David A. Wheeler's Blog
Fri, 08 Oct 2004
New Security Article on Race Conditions
Well, I’m happy to announce that another one
of my developerworks article on secure development is
now out for the public.
Go take a look at
Secure programmer: Preventing Race Conditions.
This was a trickier article to write, because race conditions are
harder to describe in a simple way.
No matter what, they always involve subtle timing interactions, and
that makes them hard to describe.
Even the conventional definitions are too complicated and don’t really
help explain the issue.
So, I ended up writing my own definition:
A “race condition” occurs when a program doesn’t work as it’s supposed to
because of an unexpected ordering of events that produces contention over the
same resource. Notice that a race condition doesn’t need to involve contention
between two parts of the same program; many security problems occur if an
outside attacker can interfere with a program in unexpected ways.
And from there, it shows some of those big surprises.
A whole bunch of race conditions have been found over the last few
months, so this is certainly still a serious problem.
path: /security | Current Weblog | permanent link to this entry
End of September 2004 release of “Why OSS/FS? Look at the Numbers!”
I’ve made another release of my paper
“Why Open Source Software /
Free Software (OSS/FS)? Look at the Numbers!”
Here are some highlights:
Possibly most important long-term, I added a lot of
to appendix A to help people identify what is really OSS/FS.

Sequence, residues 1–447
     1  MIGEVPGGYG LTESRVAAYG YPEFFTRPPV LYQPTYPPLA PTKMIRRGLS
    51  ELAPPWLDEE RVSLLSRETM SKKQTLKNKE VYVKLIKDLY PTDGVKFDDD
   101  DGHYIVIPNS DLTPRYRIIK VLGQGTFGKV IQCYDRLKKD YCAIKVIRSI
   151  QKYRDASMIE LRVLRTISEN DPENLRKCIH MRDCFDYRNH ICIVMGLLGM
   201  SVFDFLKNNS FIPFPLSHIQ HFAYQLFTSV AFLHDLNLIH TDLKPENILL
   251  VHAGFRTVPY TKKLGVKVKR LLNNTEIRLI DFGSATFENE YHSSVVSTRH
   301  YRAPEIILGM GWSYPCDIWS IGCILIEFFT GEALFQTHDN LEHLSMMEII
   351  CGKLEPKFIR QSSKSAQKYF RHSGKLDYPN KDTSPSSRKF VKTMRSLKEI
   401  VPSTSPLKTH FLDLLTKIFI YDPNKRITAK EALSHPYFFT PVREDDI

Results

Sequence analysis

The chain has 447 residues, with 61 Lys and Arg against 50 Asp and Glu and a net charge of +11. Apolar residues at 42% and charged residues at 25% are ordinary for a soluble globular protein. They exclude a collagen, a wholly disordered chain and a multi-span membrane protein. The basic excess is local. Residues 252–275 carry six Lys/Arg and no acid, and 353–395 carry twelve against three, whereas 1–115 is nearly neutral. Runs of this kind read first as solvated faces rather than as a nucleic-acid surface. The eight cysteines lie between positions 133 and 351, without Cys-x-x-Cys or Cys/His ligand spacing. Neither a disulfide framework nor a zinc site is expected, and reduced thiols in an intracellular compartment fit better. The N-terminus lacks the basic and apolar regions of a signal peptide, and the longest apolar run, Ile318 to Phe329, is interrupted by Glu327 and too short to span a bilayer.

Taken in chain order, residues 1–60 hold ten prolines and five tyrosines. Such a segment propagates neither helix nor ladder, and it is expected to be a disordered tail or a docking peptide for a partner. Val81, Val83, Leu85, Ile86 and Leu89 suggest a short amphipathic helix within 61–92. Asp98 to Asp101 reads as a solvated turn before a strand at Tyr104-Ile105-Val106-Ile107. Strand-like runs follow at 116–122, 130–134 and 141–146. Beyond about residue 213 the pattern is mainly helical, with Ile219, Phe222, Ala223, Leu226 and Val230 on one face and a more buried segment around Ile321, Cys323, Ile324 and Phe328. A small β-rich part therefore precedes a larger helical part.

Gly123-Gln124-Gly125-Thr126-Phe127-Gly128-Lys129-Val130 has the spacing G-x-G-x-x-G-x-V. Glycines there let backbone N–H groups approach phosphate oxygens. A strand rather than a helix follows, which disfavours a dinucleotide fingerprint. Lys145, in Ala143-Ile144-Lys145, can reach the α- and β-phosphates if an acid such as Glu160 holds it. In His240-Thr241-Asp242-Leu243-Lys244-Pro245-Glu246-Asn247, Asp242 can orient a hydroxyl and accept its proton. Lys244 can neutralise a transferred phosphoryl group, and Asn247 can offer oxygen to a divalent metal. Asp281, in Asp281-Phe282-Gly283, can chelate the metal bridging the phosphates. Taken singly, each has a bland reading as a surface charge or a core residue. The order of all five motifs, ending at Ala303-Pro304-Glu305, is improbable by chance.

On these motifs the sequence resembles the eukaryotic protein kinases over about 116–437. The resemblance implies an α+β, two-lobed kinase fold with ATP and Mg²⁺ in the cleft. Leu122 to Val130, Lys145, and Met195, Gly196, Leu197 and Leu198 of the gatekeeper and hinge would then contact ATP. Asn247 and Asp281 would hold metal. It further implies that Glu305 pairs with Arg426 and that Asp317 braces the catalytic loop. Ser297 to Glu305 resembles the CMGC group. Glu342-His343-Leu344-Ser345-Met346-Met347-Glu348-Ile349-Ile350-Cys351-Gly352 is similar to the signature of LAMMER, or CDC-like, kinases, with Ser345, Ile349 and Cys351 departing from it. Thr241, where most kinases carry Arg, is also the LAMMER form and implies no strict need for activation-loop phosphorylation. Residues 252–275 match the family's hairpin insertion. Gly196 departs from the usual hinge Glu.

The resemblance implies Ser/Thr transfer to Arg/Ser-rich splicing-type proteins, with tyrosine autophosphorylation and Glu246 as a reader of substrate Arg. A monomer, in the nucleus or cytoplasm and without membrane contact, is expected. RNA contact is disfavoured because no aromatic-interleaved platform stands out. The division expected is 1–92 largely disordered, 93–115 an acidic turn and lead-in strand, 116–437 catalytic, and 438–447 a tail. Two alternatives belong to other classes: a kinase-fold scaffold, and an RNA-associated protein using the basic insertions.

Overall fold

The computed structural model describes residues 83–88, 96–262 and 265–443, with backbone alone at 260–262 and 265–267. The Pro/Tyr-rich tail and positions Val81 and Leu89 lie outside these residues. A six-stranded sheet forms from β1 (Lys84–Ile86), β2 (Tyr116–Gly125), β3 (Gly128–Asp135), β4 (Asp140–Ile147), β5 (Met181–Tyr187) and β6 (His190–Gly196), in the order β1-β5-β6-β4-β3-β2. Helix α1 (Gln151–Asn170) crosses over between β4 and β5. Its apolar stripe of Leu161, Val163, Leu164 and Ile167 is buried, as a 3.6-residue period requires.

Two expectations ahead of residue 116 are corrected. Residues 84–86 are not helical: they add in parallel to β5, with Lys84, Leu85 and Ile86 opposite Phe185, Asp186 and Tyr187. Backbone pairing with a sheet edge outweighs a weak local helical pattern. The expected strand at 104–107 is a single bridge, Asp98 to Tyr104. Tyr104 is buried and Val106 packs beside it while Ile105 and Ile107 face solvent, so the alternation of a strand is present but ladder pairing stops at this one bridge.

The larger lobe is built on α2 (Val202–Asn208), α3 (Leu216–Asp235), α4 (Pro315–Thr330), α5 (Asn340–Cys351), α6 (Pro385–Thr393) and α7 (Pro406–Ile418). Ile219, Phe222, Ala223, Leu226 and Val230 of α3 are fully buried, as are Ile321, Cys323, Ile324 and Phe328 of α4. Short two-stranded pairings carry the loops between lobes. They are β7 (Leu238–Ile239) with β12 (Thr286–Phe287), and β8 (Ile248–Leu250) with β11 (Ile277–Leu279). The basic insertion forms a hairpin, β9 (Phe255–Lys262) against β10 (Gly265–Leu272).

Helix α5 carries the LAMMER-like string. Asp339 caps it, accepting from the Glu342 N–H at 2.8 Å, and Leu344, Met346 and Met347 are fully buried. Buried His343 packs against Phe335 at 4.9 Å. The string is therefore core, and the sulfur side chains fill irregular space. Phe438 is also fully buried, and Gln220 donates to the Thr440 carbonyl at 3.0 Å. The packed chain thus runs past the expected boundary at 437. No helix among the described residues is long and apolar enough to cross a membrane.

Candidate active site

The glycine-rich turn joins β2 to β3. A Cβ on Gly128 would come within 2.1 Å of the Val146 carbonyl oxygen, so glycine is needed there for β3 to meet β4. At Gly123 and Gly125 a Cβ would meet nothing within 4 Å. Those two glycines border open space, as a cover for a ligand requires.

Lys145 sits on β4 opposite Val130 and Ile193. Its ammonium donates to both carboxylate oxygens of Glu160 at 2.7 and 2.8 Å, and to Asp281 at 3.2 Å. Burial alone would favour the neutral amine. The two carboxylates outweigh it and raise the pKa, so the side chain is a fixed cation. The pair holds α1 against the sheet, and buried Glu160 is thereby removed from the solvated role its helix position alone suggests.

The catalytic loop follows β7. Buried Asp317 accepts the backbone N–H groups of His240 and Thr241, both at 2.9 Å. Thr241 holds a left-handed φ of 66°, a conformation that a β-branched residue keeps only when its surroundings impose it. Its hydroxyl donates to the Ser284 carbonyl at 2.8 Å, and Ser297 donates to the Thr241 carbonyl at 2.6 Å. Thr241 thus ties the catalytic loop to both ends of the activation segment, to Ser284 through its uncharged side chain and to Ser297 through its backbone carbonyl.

In particular, I added information about Debian’s tests, which are
thought experiments they use to examine licenses.
These are the “desert island”, “dissident”, and “tentacles of evil” tests.
I added this information after reading
Mark Shewmaker’s August 2004 examination of the
Microsoft Royalty Free Sender ID Patent License.
That analysis proved to me that a non-lawyer can carefully
analyze and rationally argue about licensing and legal issues,
especially when they’re given tools like these thought experiments
to help them.
I added a reference to the article
“Open Source Software Development Should Strive for Even Greater
Code Maintainability” by
Ioannis Samoladas, Ioannis Stamelos, Lefteris Angelis,
and Apostolos Oikonomou.
It’s published by the
highly-respected “Communications of the ACM” (CACM) in
October 2004 (pp. 83-87).
They studied almost 6 million lines of code, tracking several programs
over time, using the maintainability index
(chosen by the Software Engineering Institute as the most suitable tool
for measuring the maintainability of systems).
Using their measurements,
they concluded that
OSS/FS “code quality appears to be at least equal and sometimes better
than the quality of [closed source software] code implementing
the same functionality.”
They conjectured that this
“may be due to the motivation of skilled OSS programmers…”
Added more information about security evaluations performed
or being performed for OSS/FS, esp. Common Criteria and FIPS 140,
in the security section. Novell SuSE, Red Hat, MandrakeSoft,
Trusted Computer Solutions’ Secure Linux, and OpenSSL
(2 different projects!).
These are really important to some organizations.
Although there’s a lot of information about this,
there doesn’t seem to be any one place with it pulled together.
Well, now there is.
my paper for more about formal security evaluations of OSS/FS products.
Added a reference to CSC’s new report
“Open Source: Open for Business”.
In particular, they discuss some TCO issues which I added to
the TCO section.
path: /oss | Current Weblog | permanent link to this entry